Out of coronavirus lockdown, Europe begs tourists to return

In the gilded halls of the Palais de Versailles, visitors stop to marvel at the crystal chandeliers, Marie-Antoinette’s brocade-hung four-poster bed and the portraits of Napoleon drawn up to his full — if diminutive — height.

Then it’s on to the famous Hall of Mirrors, given a good dusting during the coronavirus lockdown for the first time since 2007, and the gory Gallery of Great Battles that, as a guidebook says, “depicts nearly 15 centuries of French military successes.”

But on this day, there’s virtually no one to impress with these exploits. The palace, normally crowded with tourists, is relatively empty because of the COVID-19 crisis.

“It’s like a private tour,” a Versailles spokesperson says, in a voice that suggests this is not a good thing.

Versailles, like many other European tourist attractions, is picking itself up after an enforced 82-day closure as part of France’s strict coronavirus lockdown, which shut the country’s airports and borders, even those with its close neighbors.

France reopened its European Union frontiers Monday, but visitors from farther afield without a “compelling” family or professional reason are not allowed in until the international borders open July 1. That includes the Americans who make up a sizable number of Versailles’ foreign tourists.

“We want to turn the page, forget this disease, which we have beaten, and get back to normal at Versailles. This is important because we want to say to American tourists: ‘Please come back,’” said Catherine Pegard, who runs the palace. “Versailles embodies the relationship between our two countries, and we are feeling the absence of U.S. visitors.”

Social-distancing rules requiring everyone to keep three feet apart and wear masks mean there can only be 500 visitors an hour, for a total of 4,500 a day. At this time last year, Versailles was selling 27,000 entry tickets a day.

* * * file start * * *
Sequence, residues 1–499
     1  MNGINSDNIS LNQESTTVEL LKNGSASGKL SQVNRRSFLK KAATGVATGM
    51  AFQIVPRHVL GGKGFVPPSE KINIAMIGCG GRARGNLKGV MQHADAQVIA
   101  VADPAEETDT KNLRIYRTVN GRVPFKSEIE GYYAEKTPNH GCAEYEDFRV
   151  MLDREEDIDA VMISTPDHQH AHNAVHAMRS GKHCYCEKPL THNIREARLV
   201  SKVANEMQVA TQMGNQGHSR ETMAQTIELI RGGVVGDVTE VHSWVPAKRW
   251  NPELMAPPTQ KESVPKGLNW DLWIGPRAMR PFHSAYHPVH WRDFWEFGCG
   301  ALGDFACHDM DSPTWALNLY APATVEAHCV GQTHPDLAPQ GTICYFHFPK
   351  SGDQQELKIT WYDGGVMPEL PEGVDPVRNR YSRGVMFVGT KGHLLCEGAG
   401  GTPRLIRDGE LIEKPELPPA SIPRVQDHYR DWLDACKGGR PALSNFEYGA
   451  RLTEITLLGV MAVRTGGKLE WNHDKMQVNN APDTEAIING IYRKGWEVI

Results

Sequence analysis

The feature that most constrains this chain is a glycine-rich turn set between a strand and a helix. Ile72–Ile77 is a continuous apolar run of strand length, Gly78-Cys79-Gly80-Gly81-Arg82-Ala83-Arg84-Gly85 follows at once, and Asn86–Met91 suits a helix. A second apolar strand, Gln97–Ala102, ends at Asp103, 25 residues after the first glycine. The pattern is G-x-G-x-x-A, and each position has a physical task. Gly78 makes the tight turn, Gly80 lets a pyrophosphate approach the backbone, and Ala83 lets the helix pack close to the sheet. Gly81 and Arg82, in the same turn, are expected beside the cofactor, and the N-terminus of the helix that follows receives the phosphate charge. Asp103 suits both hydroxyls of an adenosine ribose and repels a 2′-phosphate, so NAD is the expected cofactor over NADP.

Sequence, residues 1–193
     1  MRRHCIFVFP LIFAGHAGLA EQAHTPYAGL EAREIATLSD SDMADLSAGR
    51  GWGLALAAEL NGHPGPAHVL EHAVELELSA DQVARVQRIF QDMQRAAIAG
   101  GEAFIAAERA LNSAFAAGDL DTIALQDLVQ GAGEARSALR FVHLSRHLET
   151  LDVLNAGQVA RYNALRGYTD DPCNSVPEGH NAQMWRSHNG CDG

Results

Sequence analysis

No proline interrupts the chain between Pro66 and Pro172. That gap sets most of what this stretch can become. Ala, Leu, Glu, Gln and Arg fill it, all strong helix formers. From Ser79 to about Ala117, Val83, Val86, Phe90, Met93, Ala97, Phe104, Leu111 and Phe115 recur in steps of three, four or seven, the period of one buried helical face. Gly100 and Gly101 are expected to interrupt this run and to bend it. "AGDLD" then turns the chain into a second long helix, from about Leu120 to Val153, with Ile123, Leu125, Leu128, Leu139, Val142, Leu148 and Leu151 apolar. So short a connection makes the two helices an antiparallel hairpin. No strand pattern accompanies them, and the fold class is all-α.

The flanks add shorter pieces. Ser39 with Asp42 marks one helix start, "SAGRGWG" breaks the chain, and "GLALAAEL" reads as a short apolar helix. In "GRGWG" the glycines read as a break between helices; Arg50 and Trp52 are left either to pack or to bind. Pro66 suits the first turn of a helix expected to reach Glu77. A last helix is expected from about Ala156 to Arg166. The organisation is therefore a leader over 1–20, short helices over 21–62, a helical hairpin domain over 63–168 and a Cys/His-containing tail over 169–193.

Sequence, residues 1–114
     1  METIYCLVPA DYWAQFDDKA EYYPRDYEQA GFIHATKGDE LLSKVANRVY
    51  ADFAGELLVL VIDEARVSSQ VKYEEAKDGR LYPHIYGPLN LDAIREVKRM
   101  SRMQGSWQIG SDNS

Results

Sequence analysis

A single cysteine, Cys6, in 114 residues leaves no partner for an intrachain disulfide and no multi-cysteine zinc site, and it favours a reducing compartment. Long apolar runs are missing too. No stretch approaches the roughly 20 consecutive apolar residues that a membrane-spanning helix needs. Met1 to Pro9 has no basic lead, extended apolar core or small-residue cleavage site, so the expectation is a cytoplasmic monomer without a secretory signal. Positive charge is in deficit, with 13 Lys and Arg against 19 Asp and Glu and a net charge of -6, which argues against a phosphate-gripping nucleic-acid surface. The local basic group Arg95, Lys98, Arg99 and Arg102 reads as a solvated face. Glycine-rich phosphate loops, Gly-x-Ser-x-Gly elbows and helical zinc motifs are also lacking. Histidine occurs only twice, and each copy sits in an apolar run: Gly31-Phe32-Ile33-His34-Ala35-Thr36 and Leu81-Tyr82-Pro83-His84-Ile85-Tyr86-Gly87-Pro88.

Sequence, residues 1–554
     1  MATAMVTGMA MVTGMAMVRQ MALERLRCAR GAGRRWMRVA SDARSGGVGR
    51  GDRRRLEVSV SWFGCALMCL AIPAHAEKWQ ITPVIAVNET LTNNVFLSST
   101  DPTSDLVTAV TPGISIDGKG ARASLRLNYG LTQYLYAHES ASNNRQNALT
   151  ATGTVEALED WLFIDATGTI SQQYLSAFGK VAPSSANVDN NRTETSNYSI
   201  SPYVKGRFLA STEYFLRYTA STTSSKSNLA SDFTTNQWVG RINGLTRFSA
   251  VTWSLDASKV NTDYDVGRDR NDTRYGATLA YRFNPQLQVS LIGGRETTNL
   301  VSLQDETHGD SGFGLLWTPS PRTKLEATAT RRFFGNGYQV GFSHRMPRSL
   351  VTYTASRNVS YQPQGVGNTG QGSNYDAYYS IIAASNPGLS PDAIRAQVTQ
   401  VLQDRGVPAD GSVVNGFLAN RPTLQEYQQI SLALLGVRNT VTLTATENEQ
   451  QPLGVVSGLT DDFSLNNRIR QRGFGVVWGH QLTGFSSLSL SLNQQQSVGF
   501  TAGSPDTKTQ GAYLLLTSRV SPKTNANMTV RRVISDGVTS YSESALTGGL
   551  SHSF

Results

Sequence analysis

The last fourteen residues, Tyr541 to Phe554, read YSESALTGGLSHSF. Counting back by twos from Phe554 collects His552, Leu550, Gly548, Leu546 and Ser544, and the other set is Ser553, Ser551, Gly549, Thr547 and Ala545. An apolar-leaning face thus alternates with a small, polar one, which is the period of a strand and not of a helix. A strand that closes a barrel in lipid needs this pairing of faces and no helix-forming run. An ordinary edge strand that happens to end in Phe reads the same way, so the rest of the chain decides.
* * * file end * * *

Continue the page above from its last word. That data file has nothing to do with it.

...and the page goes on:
France is Europe’s most-visited country, making tourism a key pillar of the economy. In 2018, the latest year for which figures are available, the sector generated an estimated $62.3 billion in revenues, amounting to more than 7% of GDP, and directly or indirectly employed 2 million people. The nation as a whole (population 67 million) welcomed nearly 90 million tourists, a third of whom visited Paris.

Europe accounts for half the global tourism market, EU officials say. Spain and Italy, which have been hit particularly hard by the coronavirus, rely on tourists for more than 10% of their economic output. For Greece, the number is closer to 20%.

Experts say it’s too early to evaluate the full effect of the COVID-19 crisis, but the European Commission is already calling for a new “Marshall Plan,” using EU funds, to save the tourism industry.

To help salvage it, most countries on the continent reopened their borders Monday to travelers within Europe, firing the starting gun on a fierce race to attract still-wary visitors. Tiny Cyprus is so eager to get them back that it’s offering to pay the medical and hotel costs of any vacationers who come down with COVID-19 while visiting the island.

Although the coronavirus lockdown was eased for most of France in early May, the capital region (which includes Versailles) remained under restrictions until the beginning of June. Like Snow White, Paris is emerging from a deep sleep — and it’s desperate for a strong dose of coffee to fully wake up.

The City of Light’s famous cafes have taken a big hit from the coronavirus. To claw back some of their lost revenue, and with summer on the way, they’ve been allowed to colonize sidewalks and nearby parking spaces.